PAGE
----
The ability to consume, make sense of and action insights from data is key to success in the Data Economy. To do this executives and employees across your company need reports, but these are often complex and time-consuming to conceptualise and build.

Businesses need to make decisions fast and their data needs change quickly – by the time a report is created the insights it provides may already be obsolete.

Looker addresses this problem by providing a flexible data platform that lets teams across the business visualise data and collaborate on insights, all within a strong governance framework.

This article focuses on the developer benefits of the Looker platform. Most of the BI tools available in the market today do not allow parallel development by multiple developers at the same time and is one of the key reasons for high dev time of BI reports.

Looker provides a data modelling layer which is separate from the visualisation components and can be used by developers to transform the data, join different tables and create new variables, etc. which can then be used by the business teams to perform the analysis. This works extremely well because multiple developers can work on a model at the same time and merge their work with active Github sync.

Each developer can create their designated variables or transformations and can commit the changes and deploy to production when suitable. This helps in collaboration but also helps during the testing phase and lets you go back to an older version if there are more bugs during recent development. With this in place teams can work in Agile mode effectively and efficiently.

If this gets you interested, read further to understand more about Looker!

An Introduction to Looker

Looker is a web-based visualisation platform which converts GUI based user input into SQL queries and sends it directly to the database in live mode. It has numerous in-built visuals to visualise the data in real time. Since it is always working live with the database it works in harmony with cloud data warehouses like Amazon Redshift and Snowflake which scale to manage very high levels of user concurrency and query load.

Connecting Your Data

Looker makes use of a database or data warehouse to store the data it is analysing and provides a wide range of connectors out of the box. Looker always needs a database connection since it is always working in live mode using SQL queries, as opposed to ingesting flat files like CSVs or excel sheets. SQL databases are the oxygen for Looker and will be a critical part of your analytics programme.

Modelling Your Data

Once connections are made and tested, we move to adding/selecting which tables we want from our database and defining the relationships. These are done in LookML. LookML is the backend for Looker, effectively SQL on steroids, and provides a data modelling layer where the developer can define relationships, add new variables, define drill-down features, plus a lot more which we will cover in-depth in our upcoming blog on advanced LookML functionalities.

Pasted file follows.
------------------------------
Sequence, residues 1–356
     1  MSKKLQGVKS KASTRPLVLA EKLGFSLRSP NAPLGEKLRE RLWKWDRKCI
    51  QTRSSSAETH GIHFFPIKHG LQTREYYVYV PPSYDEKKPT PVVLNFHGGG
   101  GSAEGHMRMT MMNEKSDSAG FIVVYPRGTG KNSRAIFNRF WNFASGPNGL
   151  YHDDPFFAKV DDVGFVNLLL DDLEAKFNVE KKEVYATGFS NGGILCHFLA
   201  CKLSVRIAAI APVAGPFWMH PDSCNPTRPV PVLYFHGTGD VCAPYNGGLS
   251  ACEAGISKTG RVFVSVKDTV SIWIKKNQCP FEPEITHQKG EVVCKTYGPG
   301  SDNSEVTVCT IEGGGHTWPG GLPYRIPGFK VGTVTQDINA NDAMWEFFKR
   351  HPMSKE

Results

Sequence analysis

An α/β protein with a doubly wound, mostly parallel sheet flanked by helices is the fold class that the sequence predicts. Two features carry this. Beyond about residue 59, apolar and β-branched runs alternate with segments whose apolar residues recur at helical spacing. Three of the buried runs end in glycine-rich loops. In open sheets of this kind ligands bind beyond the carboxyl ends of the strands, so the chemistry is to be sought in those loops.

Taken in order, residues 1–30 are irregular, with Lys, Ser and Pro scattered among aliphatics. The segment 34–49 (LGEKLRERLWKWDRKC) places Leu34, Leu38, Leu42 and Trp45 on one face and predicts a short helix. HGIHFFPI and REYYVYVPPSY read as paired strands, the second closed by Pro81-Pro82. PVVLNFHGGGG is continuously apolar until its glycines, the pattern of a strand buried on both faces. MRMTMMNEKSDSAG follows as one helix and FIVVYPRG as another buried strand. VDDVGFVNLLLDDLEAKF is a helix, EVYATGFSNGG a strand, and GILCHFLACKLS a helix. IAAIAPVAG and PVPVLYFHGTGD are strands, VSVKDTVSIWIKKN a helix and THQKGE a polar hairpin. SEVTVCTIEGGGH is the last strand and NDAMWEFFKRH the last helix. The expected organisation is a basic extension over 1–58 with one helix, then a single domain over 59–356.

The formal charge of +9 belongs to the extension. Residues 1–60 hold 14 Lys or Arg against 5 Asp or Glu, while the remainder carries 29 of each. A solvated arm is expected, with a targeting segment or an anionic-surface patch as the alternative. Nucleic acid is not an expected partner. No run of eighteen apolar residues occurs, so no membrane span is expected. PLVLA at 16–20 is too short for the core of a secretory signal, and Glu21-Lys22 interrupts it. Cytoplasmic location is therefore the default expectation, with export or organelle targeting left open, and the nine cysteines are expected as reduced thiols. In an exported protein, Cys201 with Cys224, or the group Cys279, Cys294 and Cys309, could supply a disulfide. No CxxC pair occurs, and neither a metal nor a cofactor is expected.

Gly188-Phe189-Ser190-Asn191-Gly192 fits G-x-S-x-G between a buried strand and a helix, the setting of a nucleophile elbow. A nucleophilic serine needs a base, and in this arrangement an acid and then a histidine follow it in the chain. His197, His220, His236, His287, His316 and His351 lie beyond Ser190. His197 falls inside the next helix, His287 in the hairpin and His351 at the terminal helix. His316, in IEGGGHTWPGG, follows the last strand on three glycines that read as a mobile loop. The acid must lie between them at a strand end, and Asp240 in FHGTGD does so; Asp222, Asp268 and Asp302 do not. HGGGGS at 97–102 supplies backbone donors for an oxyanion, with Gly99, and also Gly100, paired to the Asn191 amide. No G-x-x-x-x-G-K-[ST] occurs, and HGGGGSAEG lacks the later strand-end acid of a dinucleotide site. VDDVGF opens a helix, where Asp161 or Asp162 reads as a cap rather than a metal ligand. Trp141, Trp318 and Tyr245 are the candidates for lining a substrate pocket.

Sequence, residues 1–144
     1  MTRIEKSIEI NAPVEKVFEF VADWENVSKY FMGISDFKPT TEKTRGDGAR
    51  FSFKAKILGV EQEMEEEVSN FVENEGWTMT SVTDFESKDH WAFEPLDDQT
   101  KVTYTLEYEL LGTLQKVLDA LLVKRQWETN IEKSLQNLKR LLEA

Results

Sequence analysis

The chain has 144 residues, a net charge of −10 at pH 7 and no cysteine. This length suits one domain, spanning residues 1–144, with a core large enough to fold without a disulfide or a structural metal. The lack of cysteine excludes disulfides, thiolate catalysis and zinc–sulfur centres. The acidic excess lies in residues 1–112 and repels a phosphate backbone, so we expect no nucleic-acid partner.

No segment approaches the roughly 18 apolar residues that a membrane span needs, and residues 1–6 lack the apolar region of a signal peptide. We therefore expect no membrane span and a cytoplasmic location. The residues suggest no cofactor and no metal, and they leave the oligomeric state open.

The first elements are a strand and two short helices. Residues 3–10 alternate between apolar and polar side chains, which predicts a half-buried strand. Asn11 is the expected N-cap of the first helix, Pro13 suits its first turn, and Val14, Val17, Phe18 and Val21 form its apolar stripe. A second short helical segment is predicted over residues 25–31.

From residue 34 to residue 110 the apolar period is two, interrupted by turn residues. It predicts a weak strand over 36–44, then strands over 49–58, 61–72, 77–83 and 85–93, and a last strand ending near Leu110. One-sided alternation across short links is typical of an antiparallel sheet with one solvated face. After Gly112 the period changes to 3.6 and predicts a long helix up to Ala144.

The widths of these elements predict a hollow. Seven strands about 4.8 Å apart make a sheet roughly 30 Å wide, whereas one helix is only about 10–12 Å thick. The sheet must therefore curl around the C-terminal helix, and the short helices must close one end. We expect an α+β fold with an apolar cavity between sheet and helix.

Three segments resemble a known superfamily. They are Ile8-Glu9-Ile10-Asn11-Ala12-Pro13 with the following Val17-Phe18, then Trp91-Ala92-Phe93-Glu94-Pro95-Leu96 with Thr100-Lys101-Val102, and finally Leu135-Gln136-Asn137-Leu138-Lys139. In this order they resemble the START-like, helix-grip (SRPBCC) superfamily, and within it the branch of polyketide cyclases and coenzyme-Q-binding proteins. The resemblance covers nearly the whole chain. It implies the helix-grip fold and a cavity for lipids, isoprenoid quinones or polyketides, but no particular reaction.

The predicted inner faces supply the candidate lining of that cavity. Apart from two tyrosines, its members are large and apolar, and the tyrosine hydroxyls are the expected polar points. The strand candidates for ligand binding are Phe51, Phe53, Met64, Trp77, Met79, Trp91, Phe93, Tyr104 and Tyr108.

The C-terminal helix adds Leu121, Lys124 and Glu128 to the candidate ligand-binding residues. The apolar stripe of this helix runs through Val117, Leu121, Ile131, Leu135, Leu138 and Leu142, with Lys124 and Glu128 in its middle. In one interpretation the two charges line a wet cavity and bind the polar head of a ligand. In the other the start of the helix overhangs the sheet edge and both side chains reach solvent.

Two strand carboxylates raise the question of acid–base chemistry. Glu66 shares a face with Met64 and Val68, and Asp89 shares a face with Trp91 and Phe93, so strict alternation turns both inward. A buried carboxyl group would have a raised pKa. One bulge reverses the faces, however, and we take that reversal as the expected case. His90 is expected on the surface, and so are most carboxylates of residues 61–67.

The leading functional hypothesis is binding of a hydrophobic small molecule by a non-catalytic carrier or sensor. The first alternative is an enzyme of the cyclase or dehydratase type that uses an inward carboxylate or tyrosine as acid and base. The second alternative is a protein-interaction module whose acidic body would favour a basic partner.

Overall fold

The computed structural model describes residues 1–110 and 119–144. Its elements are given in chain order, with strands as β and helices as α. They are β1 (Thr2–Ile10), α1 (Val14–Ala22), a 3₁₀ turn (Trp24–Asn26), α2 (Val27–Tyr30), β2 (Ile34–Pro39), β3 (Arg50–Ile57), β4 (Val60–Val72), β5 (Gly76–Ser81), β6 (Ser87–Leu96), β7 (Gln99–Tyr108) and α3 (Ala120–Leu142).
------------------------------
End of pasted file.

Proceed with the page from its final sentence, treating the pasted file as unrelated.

Collaborating On Your Model

Don’t forget that while you are working on each of these components, multiple developers can work in parallel, massively speeding up how fast you can develop the base for Looker. The LookML can be used by various teams and reports/ work done in one project can be very easily referenced by others (assuming they have been given the right authority and permissions).

Visualising Your Data

Once a version of the LookML model is ready you can start creating the visualisations (and you can keep adding too, evolving or versioning the model as needed as requirements change). Looker has 2 ways to develop these: Looks and dashboards. Looks are singular visualisations useful to analyse data in an ad hoc basis and share one off insights with the required team/stakeholders.

Dashboards, on the other hand, allow multiple visualisations and KPI’s to be presented together – which can be linked in multiple ways to derive insights, track performance and support data-driven decisions. Dashboards in Looker are flexible and can auto adjust the various components on the dashboard to fit the screen dimensions. Existing Looks can be also be embedded within the dashboards.

For both Looks and dashboards there is a wide range of different visual types available to be used, but Looker is not limited by that and provides the flexibility to add your own custom visualisations (JavaScript based) in the reports/ dashboards. We will cover Looks and dashboards in detail in our upcoming blog and also talk about some of the advanced functionalities available

Where Next?

If your organisation has  data structured in databases, then Looker is an excellent product to get the insights you need, fast! Looker has both the flexibility to meet a wide range of requirements and scales to support your whole organisation.

If you’d like to learn more, stay tuned as we’ll be publishing several deep-dive post on Looker and LookML functionality in the coming weeks. In the meantime, you can download our BI Modernisation service information sheet here.